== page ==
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Re: [PATCH] xfs: reserve fields in inode for parent ptr and alloc policy

To: Mark Tinguely <tinguely@xxxxxxx>
Subject: Re: [PATCH] xfs: reserve fields in inode for parent ptr and alloc policy
From: Dave Chinner <david@xxxxxxxxxxxxx>
Date: Thu, 11 Apr 2013 13:28:44 +1000
Cc: Rich Johnston <rjohnston@xxxxxxx>, Eric Sandeen <sandeen@xxxxxxxxxxx>, xfs@xxxxxxxxxxx
Delivered-to: xfs@xxxxxxxxxxx
In-reply-to: <5165CC39.2090108@xxxxxxx>
References: <20130410182438.268267840@xxxxxxx> <5165B5CB.2070203@xxxxxxxxxxx> <5165BFF4.8020601@xxxxxxx> <5165CC39.2090108@xxxxxxx>
User-agent: Mutt/1.5.21 (2010-09-15)
On Wed, Apr 10, 2013 at 03:31:53PM -0500, Mark Tinguely wrote:
> On 04/10/13 14:39, Rich Johnston wrote:
> >On 04/10/2013 01:56 PM, Eric Sandeen wrote:
> >>On 4/10/13 1:24 PM, Mark Tinguely wrote:
> >>>The "di_allocpolicy" will be used to remember the allocation
> >>>policy associated with this inode.
> >>
> >>can you say more about this allocation policy?
> >>
> >>-Eric
> >
> >No its super secret information. ;)
> >
> >Its on my plate Eric, because Mark was making a change for parent ptrs,
> >I asked him to request space for allocation policies also.
> >
> >I don't have all the details yet but here is a very high level concept.

The on-disk format is a low level detail that falls out at the
bottom of the design/implementation/review cycle. It doesn't get
defined by high level concepts...

> >Identify allocation groups by names (or numbers -- preferably using names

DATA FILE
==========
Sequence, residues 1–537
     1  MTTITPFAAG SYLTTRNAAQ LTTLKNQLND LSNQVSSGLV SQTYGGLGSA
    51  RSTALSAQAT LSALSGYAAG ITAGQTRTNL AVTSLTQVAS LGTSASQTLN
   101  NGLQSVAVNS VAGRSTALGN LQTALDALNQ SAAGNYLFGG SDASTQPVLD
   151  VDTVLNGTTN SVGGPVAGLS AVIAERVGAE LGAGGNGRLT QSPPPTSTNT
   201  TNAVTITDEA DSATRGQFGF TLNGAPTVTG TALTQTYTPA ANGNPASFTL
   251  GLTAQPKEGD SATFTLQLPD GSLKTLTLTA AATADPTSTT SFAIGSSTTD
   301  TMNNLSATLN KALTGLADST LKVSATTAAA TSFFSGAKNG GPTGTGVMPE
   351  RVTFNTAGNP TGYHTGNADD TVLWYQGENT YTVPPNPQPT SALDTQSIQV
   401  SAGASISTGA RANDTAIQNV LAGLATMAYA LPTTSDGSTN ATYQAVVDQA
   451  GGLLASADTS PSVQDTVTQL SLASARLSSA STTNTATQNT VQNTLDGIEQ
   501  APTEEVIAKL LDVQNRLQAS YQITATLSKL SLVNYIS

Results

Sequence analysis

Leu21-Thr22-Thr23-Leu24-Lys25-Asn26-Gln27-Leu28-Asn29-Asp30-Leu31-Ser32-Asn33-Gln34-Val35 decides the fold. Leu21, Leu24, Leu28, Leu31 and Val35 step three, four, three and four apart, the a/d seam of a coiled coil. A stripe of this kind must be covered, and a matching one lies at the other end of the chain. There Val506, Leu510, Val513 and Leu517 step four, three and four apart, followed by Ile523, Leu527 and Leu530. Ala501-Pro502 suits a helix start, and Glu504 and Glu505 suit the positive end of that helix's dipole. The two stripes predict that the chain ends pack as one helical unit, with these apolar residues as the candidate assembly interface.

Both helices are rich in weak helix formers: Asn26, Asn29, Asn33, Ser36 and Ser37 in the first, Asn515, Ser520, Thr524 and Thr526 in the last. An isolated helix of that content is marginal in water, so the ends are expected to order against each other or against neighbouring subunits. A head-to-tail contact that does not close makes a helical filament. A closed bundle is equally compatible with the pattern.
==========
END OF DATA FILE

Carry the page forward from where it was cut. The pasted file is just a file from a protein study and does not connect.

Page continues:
> >in user-visible areas), allowing many different areas. Placing the
> >allocation
> >policy outside of user programs is necessary for this to be successful.
> >
> >Current thoughts on proposed a layered allocation policies:
> >
> >Policy for the entire filesystem
> >Policy attached to a directory (whose policy would be inherited by
> >subdirectories when subdirectories are created)
> >Policy for a single file
> >
> >The policy would define:
> >
> >where to place file data
> >where to place metadata for the files.
> >a prefered allocation group for placing file data (for directories).

Which is a summary of what this code:

> The allocation policies is based on work by Dave:
>       http://oss.sgi.com/archives/xfs/2009-02/msg00250.html

started with and was building on.

What I was trying to get to in that patch series was an arbitrarily
extensible allocation policy infrastructure, and that patch set was
proof-of-concept code I used to flesh out ideas.  Yes, it used 32
bits in the inode, but keep in mind that changed several times in
the patch set as I implemented new stuff and changed heirarchies,
definitions and concepts mid-patchset. But it isn't a reference
design - it was a research vehicle.....

Indeed, the patch set is an exact demonstration of the functionality
required by the on-disk format not being properly understood until
the functionality has at been fully implemented in a POC. And I
hadn't got anywhere near that with the above patch set.

As it is, I think that an extended attribute is be a better place
for allocation policy information. An xattr is far easier to modify
from userspace, and allows arbitrary allocator primitives being
exposed to policy control. That was the problem with the above patch
set - it didn't expose policy controls individually - it exposed
them as a defined set, and only the sets defined by the kernel were

As such, direct control of locality is simply not possible with the
above patch set. Having an attribute format that defines all the
different control parameters allows userspace to define complex
policies that match the specific storage topology of the system the
policy is designed for. This is impossible to express in a standard
kernel with the approach I was taking in the above patch set, and i
was already thinking about xattr based primitives to allow
fine-grained exposure of the allocation primitives I'd abstracted
out of the kernel code...

IOWs, We need to have agreement on design and implementation
direction of a feature before we consider what the on-disk
format is going to be, so reserving space on disk is extremely
premature at this point....


Dave Chinner

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